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Utah's most prominent anti-porn lawmaker wants to give people the ability to sue pornographers in an attempt to prove that watching their product causes emotional and psychological damage.
It is one of two related bills being drafted by state Sen. Todd Weiler, R-Woods Cross, who received national attention for leading the 2016 resolution declaring a public health crisis caused by pornography, a first in the United States. Weiler is working on a second bill that he says would close a loophole requiring public libraries to filter out pornography on wireless internet connections, not just wired connections.
He not only wants to limit access to sexually explicit material to children and teens, but he believes pornographers should be held liable for the impacts their products have on adults.
"Right now porn is available without any warnings and labeling, without any protections online," Weiler said. "This would just open the valve for a cause of action. Let these attorneys go after these cases."
If the Legislature passes his proposal, he said, he expects courts to initially reject claims that pornography causes real harm.
"But I think, eventually, the tide will turn," he said.
Weiler ties his push against such material to the court cases that proved cigarettes caused cancer, and he's not the only pornography opponent to make that link.
Robert Marshall is a Republican delegate to the Virginia Assembly.
"We've got to say, 'This is a problem' " Marshall recently told The Washington Post. "Before smoking was identified as a problem, at least the recognition that it led to certain pathologies was a starting point to put restrictions on it."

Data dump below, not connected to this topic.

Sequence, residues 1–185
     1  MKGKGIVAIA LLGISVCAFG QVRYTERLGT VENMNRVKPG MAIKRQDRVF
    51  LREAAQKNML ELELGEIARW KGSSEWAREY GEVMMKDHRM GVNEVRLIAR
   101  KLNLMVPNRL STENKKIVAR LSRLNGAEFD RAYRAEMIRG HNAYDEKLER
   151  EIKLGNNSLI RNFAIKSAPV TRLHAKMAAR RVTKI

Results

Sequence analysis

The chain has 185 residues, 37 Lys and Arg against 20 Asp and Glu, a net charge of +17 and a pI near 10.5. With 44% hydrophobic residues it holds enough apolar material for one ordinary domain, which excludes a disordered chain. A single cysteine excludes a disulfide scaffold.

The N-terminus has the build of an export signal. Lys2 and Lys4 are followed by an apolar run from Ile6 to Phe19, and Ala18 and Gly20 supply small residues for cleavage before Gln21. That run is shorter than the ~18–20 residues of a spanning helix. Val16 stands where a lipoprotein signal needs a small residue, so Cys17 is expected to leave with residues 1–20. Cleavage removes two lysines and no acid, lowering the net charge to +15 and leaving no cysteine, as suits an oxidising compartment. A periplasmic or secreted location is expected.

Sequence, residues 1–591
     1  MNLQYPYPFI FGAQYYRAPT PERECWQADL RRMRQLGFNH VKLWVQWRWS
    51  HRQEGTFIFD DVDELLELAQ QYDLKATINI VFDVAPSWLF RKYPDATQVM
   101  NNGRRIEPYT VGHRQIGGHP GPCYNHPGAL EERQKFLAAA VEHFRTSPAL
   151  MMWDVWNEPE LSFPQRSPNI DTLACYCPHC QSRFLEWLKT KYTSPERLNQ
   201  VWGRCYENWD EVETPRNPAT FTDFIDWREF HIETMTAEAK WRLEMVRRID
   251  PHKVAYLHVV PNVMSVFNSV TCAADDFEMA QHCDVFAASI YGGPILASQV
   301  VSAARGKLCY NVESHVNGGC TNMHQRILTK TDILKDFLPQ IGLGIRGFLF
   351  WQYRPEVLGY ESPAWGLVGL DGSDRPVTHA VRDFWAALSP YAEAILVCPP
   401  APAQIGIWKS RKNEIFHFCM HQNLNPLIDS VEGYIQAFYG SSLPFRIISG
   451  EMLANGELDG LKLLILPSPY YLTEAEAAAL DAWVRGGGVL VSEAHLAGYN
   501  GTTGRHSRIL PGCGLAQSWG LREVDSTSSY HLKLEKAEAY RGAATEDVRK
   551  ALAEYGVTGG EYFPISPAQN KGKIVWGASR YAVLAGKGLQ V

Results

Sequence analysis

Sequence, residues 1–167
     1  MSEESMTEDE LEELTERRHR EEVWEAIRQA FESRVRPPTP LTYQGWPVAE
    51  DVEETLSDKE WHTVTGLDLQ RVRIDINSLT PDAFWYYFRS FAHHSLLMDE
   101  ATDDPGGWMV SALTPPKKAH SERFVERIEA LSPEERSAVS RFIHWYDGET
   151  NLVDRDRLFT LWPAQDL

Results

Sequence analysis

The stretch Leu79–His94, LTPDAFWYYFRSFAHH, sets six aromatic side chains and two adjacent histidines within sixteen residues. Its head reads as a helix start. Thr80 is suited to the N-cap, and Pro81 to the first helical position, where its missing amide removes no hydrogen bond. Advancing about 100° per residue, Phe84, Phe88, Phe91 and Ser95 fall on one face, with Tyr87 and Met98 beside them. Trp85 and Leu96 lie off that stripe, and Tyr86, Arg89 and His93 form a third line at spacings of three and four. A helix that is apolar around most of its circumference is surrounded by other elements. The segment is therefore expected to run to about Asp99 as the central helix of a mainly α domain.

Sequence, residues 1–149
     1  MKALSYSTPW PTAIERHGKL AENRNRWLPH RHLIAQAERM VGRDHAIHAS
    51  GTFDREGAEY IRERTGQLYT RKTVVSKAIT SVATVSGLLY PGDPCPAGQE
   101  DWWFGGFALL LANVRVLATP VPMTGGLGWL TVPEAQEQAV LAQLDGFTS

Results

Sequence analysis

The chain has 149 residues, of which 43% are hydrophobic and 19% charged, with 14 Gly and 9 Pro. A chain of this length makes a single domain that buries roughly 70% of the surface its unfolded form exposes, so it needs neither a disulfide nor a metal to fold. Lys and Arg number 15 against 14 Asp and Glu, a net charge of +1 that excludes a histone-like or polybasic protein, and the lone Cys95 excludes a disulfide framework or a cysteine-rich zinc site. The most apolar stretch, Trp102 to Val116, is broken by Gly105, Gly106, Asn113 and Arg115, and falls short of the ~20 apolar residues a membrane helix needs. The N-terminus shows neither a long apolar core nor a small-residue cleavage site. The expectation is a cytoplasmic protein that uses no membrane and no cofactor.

He is piggybacking on Weiler's resolution, hoping that Virginia will be the second state to declare a public health emergency.
Tennessee's Legislature is debating a similar measure, and the Republican National Committee warned about the health concerns tied to pornography in its 2016 platform.
Like Utah's resolution, the proposal in Virginia is a declaration that lacks any real teeth. It wouldn't ban pornography or limit it.
Weiler got the idea for the public-health resolution from the National Center on Sexual Exploitation, a Washington, D.C.-based group. And he's not surprised to see lawmakers in other states taking a look at it.
"That's what the plan was," he said.
Dawn Hawkins, the center's executive director, said she has not talked to Marshall about his efforts in Virginia, but she has been in contact with lawmakers pushing the resolution in other states. Her goal is to spur more public dialogue against pornography and more research on its effects.
"We are encouraged that he has the courage to bring it up," she said.
Her organization isn't pushing other anti-porn proposals, and Hawkins said the federal obscenity law is tough enough. She had no comment on Weiler's proposal to open porn producers up to lawsuits. Neither did the American Civil Liberties Union of Utah, which wants to see the proposal before weighing in on any potential free-speech issues.
Weiler, an attorney by trade, believes his idea is constitutionally sound because it would require people to legally prove they were harmed and that they deserve to receive damages.
Weiler and Hawkins are among those who are adamant that pornography is addictive and detrimental, but there are other researchers who disagree.
Ian Kerner, a New York-based psychotherapist and expert on human sexuality, believes society should seek to shield children from such movies and images, but he doesn't see porn as a public health crisis.
He told USA Today that everyone lives in a world "in which porn exists, the internet exists, and we need to show our kids how to live in it, and first we need to live in it ourselves, make porn a healthy part of our communication or communicate why we don't want it on our relationship."
Utah Gov. Gary Herbert sides with Weiler. He not only signed the public health resolution, Herbert has also asked lawmakers to grant $50,000 to the Utah Coalition Against Pornography, a private nonprofit, during the 2017 legislative session. The money would be used to hold seminars in schools. If appropriated, it would be the first time in more than a decade that taxpayer money would be used to fight pornography.